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Real estate agents urged to do virtual walk-throughs, open houses

It was announced earlier this month that physical public open houses are absolutely prohibited
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(stock photo)

Real estate has been considered an essential service, but it is not business as usual.

Realtors have a duty to follow the direction of health officials to minimize direct physical interaction by only listing properties if it is absolutely necessary for the seller to move and show properties if buyers are in a situation where they need to purchase in order to put a roof over their family’s heads.

This is definitely not a time where people should be testing out the market or scrambling to sell before we go into a recession.

It was announced earlier this month that physical public open houses are absolutely prohibited and sales people are encouraged to follow the direction of the health officials by declining to facilitate or participate in physical public open houses, even if the seller's request. Sales people are also recommened to limit showings to only those buyers who need to find a place to live, not to those who are testing out the market.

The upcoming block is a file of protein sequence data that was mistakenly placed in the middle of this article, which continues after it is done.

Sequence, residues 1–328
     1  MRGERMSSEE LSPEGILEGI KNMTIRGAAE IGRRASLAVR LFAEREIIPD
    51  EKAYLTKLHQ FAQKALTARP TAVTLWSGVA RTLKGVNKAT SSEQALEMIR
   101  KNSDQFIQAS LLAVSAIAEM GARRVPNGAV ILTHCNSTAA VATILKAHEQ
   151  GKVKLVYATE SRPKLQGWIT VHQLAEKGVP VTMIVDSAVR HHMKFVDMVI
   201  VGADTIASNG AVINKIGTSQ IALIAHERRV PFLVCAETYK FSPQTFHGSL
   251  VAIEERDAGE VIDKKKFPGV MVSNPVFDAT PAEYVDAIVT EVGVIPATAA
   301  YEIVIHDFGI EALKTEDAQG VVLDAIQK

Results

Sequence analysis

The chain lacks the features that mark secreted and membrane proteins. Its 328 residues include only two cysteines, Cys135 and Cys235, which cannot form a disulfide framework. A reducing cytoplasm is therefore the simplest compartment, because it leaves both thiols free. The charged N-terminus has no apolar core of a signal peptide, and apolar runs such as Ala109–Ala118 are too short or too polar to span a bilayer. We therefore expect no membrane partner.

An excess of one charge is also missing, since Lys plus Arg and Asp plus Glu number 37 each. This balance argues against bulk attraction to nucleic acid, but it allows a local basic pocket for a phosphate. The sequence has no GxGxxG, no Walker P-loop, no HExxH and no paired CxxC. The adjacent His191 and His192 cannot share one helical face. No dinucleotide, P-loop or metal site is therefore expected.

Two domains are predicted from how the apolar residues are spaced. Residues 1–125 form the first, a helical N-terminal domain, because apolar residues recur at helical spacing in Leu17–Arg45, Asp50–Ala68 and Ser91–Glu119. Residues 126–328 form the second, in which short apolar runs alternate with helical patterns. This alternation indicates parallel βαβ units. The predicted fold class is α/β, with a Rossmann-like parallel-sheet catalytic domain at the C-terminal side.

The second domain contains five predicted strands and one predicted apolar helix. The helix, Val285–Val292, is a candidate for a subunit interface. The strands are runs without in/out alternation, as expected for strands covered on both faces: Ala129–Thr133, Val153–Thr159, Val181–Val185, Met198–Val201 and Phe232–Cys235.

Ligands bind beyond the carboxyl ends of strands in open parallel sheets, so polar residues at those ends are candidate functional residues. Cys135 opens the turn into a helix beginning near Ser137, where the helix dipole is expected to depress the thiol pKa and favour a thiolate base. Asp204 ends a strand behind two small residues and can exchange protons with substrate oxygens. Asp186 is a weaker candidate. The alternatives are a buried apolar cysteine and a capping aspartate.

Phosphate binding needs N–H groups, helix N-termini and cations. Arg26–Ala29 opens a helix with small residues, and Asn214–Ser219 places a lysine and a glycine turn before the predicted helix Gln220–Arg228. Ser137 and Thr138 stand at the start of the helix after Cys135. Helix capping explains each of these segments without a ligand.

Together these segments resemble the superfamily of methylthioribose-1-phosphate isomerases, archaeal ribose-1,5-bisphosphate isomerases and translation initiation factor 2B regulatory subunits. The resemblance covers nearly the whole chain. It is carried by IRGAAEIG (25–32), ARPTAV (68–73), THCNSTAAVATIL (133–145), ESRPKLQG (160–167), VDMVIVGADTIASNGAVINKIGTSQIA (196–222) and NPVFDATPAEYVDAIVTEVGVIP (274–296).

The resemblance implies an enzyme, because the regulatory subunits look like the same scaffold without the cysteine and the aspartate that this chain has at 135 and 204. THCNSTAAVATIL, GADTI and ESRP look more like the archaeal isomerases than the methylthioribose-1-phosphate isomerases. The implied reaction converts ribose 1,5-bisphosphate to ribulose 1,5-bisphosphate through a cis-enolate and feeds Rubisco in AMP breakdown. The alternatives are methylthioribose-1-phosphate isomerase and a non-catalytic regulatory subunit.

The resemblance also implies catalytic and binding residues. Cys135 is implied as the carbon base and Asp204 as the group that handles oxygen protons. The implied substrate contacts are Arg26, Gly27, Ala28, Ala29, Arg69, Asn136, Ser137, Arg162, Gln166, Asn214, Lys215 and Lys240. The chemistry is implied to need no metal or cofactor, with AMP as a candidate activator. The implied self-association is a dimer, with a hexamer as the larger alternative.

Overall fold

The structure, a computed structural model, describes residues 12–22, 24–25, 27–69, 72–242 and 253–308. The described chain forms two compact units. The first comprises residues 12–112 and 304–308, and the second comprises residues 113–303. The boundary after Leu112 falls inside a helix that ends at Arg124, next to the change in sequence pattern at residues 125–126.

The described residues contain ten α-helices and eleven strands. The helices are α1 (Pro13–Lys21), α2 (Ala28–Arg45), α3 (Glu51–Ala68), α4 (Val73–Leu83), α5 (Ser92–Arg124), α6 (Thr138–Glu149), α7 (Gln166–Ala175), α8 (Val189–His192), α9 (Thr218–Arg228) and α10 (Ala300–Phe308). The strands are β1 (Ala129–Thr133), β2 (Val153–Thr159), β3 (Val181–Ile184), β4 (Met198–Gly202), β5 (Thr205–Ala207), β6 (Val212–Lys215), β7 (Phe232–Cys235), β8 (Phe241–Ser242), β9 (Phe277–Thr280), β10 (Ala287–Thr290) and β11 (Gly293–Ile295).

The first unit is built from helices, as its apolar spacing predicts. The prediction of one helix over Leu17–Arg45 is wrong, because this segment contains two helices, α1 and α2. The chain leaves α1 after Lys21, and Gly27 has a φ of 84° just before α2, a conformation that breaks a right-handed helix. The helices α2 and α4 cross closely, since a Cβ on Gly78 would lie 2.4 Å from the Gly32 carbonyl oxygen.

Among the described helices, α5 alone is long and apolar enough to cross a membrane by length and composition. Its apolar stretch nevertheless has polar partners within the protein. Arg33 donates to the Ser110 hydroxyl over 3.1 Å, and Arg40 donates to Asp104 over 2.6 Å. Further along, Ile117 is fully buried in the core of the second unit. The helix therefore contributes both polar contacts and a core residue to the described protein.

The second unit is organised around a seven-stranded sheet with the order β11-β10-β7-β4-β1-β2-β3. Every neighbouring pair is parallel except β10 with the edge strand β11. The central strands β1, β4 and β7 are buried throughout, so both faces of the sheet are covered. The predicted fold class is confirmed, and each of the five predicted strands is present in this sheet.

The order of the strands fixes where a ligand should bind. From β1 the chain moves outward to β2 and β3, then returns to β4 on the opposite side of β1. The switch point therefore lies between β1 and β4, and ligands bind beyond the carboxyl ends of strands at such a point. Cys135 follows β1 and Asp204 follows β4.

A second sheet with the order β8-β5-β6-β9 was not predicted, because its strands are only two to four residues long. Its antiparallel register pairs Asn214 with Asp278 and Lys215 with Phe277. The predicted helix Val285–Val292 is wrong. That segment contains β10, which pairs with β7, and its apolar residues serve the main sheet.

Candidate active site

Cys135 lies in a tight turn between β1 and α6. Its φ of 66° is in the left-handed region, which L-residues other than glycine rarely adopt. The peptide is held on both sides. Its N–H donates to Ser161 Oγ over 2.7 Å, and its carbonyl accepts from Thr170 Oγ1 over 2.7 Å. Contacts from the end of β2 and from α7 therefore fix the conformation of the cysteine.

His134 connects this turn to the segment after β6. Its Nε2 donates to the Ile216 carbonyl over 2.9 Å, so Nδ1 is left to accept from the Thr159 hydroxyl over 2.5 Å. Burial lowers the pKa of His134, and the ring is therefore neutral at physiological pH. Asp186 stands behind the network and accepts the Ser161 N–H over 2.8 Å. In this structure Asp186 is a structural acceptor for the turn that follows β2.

Many agents are embracing digital technology to reduce risk of COVID-19 transmission, but also be able to provide service to their sellers and buyers if absolutely necessary.

It has been encouraged that agents do virtual walk-throughs and virtual open houses to limit the number of people going through properties and to use any pre-existing virtual tours to assist buyers with narrowing down their searches.

Most listing agents are only allowing showings to be booked if the buyers have seen all photos, videos and done a drive by the property prior to any showing requests. Brokerages are sending out forms to be signed by all buyers and their agent before confirming appointments, screening all individuals on current state of health and so forth.

Lastly, to minimize risk in your home if you do need to sell, it is recommended to leave hand sanitizer and gloves at the front door and wipe all door knobs, light switches and surfaces when you get home.

Ashley Lamb is a columnist for BarrieToday who reports monthly on the local condo market.




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